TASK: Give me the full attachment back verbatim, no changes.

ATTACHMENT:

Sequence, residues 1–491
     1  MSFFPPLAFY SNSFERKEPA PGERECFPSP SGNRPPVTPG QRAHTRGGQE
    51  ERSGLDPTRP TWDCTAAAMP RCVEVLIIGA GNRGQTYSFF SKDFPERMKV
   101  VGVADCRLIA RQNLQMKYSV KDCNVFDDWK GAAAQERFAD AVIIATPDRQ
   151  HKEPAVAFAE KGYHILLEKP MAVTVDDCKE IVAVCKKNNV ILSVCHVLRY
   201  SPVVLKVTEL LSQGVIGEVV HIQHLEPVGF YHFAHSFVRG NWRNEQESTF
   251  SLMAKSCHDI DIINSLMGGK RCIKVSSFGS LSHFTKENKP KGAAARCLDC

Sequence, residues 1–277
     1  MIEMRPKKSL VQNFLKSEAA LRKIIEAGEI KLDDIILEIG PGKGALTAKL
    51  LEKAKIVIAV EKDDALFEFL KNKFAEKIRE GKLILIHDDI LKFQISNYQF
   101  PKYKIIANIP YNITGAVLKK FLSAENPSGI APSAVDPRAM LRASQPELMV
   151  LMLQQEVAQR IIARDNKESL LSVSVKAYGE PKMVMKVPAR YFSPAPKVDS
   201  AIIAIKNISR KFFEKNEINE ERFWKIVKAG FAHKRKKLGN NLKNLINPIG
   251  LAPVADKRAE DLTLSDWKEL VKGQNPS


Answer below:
Sequence, residues 1–491
     1  MSFFPPLAFY SNSFERKEPA PGERECFPSP SGNRPPVTPG QRAHTRGGQE
    51  ERSGLDPTRP TWDCTAAAMP RCVEVLIIGA GNRGQTYSFF SKDFPERMKV
   101  VGVADCRLIA RQNLQMKYSV KDCNVFDDWK GAAAQERFAD AVIIATPDRQ
   151  HKEPAVAFAE KGYHILLEKP MAVTVDDCKE IVAVCKKNNV ILSVCHVLRY
   201  SPVVLKVTEL LSQGVIGEVV HIQHLEPVGF YHFAHSFVRG NWRNEQESTF
   251  SLMAKSCHDI DIINSLMGGK RCIKVSSFGS LSHFTKENKP KGAAARCLDC

Sequence, residues 1–277
     1  MIEMRPKKSL VQNFLKSEAA LRKIIEAGEI KLDDIILEIG PGKGALTAKL
    51  LEKAKIVIAV EKDDALFEFL KNKFAEKIRE GKLILIHDDI LKFQISNYQF
   101  PKYKIIANIP YNITGAVLKK FLSAENPSGI APSAVDPRAM LRASQPELMV
   151  LMLQQEVAQR IIARDNKESL LSVSVKAYGE PKMVMKVPAR YFSPAPKVDS
   201  AIIAIKNISR KFFEKNEINE ERFWKIVKAG FAHKRKKLGN NLKNLINPIG
   251  LAPVADKRAE DLTLSDWKEL VKGQNPS